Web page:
Using exhaust fan on a gas stove cuts pollution: study

July 26, 2012
Using exhaust fan on a gas stove cuts pollution: study
Researchers also found cooking on back burners was better for air quality.

(HealthDay) -- Turning on the exhaust fan above your kitchen stove and cooking on the back burners can reduce the amount of air pollution from gas stovetops and ovens, a new study says.

The study also found, however, that exhaust fans vary in their effectiveness in reducing levels of from cooking with gas, which can produce higher than those in heavily polluted outdoor air.

Exhaust fans in hoods over cooktops and downdraft systems that suck air directly from the cooking surface also vary widely in price, loudness and , concluded researchers Brett Singer and William Delp at the Lawrence Berkeley National Laboratory, a U.S. Department of in Berkeley, Calif.

Despite these differences, there is no rating system to help consumers know which product is best at removing pollutants from their home.

The study was recently published in the journal & Technology.

The researchers measured the performance of seven over-the-range hood designs and found that none of them performed well in all of the key functions: fan efficiency, sound levels and efficiency in capturing polluted air for exhaust, according to a journal news release.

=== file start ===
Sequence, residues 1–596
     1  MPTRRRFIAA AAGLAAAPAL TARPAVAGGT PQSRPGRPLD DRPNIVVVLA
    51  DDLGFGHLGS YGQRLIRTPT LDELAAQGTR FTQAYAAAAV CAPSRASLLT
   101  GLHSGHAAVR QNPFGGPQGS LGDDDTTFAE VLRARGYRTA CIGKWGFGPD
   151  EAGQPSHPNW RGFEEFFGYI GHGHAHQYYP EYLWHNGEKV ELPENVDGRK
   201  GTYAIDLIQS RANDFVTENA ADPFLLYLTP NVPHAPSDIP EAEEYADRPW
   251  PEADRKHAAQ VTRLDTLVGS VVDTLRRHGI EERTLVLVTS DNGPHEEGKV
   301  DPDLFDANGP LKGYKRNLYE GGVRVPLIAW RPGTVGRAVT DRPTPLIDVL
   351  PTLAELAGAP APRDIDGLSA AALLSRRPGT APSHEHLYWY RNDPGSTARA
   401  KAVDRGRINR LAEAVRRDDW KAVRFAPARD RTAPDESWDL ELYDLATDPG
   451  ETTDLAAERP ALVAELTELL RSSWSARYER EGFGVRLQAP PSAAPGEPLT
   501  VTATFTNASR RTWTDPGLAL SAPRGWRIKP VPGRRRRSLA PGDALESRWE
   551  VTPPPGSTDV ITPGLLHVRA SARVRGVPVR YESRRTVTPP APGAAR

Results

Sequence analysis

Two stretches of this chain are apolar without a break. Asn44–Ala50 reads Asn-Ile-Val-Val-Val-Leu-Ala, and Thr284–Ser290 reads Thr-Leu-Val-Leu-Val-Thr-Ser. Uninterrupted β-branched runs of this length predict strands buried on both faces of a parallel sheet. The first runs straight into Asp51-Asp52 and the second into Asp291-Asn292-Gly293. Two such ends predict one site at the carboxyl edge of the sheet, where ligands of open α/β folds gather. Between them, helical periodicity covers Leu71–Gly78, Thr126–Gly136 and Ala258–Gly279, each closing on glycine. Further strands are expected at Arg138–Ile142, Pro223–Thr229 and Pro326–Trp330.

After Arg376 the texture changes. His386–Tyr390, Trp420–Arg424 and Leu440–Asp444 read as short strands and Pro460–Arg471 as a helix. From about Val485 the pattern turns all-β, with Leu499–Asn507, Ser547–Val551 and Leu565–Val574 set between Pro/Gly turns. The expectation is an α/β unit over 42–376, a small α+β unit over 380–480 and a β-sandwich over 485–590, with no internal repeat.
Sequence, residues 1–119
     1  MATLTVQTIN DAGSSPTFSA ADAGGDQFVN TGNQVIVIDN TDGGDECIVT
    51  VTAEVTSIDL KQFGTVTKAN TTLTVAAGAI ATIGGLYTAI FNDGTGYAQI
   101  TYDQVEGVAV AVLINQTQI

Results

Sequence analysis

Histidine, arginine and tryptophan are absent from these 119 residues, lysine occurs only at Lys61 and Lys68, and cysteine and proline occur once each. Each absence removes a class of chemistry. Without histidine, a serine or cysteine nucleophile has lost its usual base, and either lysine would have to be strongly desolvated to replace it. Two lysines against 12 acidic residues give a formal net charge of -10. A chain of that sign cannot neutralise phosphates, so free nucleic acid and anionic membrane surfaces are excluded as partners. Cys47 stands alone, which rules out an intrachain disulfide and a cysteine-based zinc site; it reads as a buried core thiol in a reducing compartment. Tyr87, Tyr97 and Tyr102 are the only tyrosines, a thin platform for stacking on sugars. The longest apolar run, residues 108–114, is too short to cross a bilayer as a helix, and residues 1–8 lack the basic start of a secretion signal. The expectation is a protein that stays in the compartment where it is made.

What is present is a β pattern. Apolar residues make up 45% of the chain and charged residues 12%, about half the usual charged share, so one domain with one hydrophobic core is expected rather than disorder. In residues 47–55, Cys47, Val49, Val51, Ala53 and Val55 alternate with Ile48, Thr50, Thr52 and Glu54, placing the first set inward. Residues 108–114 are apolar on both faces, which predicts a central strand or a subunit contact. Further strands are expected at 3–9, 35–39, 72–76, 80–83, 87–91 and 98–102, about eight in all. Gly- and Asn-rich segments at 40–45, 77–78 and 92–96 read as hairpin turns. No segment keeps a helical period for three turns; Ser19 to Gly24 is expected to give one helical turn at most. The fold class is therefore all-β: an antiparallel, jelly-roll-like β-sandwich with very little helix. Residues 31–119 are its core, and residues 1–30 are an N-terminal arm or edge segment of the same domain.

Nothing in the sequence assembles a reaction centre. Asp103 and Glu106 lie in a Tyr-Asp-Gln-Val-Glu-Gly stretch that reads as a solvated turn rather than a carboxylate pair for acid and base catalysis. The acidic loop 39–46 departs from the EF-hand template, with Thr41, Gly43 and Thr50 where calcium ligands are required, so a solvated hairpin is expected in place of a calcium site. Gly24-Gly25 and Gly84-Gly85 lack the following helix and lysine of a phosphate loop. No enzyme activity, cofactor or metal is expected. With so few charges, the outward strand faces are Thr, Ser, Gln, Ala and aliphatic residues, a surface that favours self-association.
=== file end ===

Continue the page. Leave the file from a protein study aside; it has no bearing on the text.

Two products that operated quietly and removed 70 percent to 90 percent of pollutants had high fan speeds that compromised their efficiency. A third product that was best at removing pollutants was so loud it made normal conversation impossible.

The best option may not require buying a new over-the-range hood, the researchers suggested.

"Routine use of even moderately effective venting range hoods can substantially reduce in-home exposures to cooking and burner-generated air pollutants," Singer and Delp wrote. "Effectiveness can be substantially enhanced by preferential use of back versus front cooktop burners and by using higher fan settings."

Explore further: Traffic exhaust can cause asthma, allergies and impaired respiratory function in children

More information: The U.S. Environmental Protection Agency has more about air quality inside homes.

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